DOES THE WATER ON YOUR ROOF MAKE IT UNSAFE?
While the slope of your roof ensures that any water is “shedded” of the roof surface to the edge of the roof, roof drainage makes sure that water gets from the roof surface to the ground. The slope takes water to the drains; the drains take water to the ground. Do you have proper drainage on your roof, and what can you do to improve it if you don’t?
Does Your Building Have Proper Flat Roof Drainage?
There are three major aspects that make up a roof drainage system, and each one must be properly analyzed to determine if your roof is draining properly. The first of the three are internal drains, then scuppers, and then gutters and downspouts, which are considered one drainage aspect.
Internal drains are placed throughout the field of the roof, and allow drainage to occur at roof locations other than the edge. On a large roof, you can’t possibly use the roof slope to direct all water to the edge of the building to use the gutters. For this reason, internal drains can be placed throughout the interior of the field, which allows for better use of roof slope to encourage drainage, while maintaining a flat roof.
If you have a large roof with a lot of square feet, internal drains are a necessity to keep your roof performing well. If you don’t install internal drains, it is nearly impossible to keep the slope of your roof flat and still properly drain the roof.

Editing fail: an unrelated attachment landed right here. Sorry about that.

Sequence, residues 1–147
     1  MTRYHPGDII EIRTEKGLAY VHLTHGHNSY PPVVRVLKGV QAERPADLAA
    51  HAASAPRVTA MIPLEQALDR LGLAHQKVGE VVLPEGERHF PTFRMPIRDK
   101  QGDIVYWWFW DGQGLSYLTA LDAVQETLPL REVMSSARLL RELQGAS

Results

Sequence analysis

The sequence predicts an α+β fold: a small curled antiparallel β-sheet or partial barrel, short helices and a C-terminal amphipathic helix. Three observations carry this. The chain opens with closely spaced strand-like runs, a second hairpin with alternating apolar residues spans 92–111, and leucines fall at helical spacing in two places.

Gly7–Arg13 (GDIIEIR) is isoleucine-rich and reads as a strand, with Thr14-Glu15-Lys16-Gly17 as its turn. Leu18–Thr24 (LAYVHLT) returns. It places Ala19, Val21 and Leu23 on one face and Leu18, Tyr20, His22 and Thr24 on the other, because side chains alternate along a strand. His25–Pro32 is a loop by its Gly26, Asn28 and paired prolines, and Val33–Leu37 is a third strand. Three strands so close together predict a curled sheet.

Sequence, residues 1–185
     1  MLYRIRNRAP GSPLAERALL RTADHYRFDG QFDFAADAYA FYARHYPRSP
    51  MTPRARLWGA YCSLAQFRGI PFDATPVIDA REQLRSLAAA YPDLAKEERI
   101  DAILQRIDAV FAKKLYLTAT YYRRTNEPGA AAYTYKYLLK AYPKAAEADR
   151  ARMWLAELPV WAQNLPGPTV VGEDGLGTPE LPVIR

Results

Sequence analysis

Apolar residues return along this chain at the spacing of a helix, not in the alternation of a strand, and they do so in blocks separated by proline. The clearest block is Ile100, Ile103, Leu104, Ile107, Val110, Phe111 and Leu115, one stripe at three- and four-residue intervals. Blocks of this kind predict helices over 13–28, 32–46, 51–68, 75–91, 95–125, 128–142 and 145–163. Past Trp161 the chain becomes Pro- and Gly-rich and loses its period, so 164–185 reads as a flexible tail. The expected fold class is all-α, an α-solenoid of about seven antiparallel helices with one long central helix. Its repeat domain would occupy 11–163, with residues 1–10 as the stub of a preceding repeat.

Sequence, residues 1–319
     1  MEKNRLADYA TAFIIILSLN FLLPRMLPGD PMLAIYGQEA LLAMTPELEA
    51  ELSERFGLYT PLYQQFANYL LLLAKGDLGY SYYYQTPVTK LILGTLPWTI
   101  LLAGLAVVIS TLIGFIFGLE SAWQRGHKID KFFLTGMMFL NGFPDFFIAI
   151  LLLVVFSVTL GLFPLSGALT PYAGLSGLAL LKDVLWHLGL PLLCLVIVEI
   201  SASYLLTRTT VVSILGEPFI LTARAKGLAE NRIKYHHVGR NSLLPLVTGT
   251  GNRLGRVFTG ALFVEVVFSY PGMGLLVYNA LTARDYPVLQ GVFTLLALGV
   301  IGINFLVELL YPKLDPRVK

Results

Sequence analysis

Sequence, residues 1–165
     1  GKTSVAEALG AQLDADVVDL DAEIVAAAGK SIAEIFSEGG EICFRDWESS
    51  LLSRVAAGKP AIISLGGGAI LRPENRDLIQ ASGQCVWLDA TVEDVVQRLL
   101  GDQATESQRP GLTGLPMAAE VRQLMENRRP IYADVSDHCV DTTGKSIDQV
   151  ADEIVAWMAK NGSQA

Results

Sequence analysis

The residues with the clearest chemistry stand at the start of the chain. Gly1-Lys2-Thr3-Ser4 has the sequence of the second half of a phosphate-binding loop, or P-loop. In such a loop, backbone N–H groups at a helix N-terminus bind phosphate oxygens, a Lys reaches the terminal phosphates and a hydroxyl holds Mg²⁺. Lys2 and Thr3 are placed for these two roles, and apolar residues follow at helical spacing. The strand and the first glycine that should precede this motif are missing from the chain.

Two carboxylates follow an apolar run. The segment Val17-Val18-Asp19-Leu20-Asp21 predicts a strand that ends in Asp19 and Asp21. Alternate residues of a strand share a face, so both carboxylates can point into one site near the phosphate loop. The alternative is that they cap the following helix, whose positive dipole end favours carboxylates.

Scuppers are easily confused with roof drains, but they are not the same thing and have distinctively different definitions. A scupper allows water to exit the roof through a metal edge, or through the roof deck and into a downspout on the exterior of the building. The distinctive factor of roof scuppers is that they drain on the outside of the building, and are therefore commonly freezing hazards and a headache for building owners.
Gutters and Downspouts
Gutters and downspouts operate in much the same way on a commercial roof as they do on residential. What you need to remember on your commercial roof is that the flat roof will catch significantly more water than a residential roof, and therefore the gutters must be larger, you need to have more downspouts, and you need to have larger downspouts.
How Can You Improve Your Drainage?
Did the previous paragraphs make you realize that you don’t have proper drainage on your flat commercial roof? The easiest way to correct your drainage is to add more components to the roof drainage system. Obviously the gutter system is very easy to correct, by simply installing larger gutters and more downspouts, but interior drains aren’t quite as easy. This will require serious repairs, and it may be easier to install water barriers that simply help to direct water to the roof edge.
Does your roof have proper drainage? Do you have the right number and size of drainage fixtures? If not, you need to contact a roofing professional for a roof inspection and analysis. Let a professional tell you what repairs you need to make, and then allow the professional to make the repairs on your roof. Ponding water can cause severe damage to your roof; don’t let it because you didn’t fix known drainage issues.